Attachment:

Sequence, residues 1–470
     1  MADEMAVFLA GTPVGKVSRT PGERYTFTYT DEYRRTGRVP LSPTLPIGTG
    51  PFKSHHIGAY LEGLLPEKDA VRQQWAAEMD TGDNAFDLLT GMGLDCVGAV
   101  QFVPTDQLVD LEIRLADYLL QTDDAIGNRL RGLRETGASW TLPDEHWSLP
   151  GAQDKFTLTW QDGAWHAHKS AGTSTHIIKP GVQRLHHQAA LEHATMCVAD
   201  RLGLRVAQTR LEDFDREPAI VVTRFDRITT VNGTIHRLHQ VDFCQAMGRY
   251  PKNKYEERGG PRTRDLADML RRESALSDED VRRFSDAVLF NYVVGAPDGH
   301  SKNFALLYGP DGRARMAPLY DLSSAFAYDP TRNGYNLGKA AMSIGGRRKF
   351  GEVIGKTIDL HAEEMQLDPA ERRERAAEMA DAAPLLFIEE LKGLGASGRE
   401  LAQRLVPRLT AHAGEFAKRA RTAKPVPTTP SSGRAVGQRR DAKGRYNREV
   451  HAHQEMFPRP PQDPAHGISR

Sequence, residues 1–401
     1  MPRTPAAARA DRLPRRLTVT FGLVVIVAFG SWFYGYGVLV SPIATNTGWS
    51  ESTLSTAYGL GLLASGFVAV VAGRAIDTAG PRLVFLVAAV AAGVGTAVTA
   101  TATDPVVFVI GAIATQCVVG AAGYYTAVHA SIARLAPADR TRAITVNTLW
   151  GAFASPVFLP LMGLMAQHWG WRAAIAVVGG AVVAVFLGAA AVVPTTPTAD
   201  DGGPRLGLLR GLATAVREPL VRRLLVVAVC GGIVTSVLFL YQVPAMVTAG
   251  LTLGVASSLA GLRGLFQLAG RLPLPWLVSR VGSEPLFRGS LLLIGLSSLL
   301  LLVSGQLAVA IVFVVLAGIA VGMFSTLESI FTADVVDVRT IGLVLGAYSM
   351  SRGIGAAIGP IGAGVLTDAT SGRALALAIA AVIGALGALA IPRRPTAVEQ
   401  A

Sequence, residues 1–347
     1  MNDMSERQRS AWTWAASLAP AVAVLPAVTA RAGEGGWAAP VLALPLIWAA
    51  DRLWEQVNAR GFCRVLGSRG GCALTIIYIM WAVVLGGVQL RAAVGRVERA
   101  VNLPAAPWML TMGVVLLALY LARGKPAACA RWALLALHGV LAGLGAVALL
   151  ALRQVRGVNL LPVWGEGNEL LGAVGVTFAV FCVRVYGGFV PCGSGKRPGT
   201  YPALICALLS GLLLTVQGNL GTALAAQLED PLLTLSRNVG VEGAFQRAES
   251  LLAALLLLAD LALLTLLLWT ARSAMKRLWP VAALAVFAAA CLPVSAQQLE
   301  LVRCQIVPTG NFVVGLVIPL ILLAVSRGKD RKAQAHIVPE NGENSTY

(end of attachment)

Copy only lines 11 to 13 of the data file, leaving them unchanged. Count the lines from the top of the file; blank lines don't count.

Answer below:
   451  HAHQEMFPRP PQDPAHGISR

Sequence, residues 1–401
     1  MPRTPAAARA DRLPRRLTVT FGLVVIVAFG SWFYGYGVLV SPIATNTGWS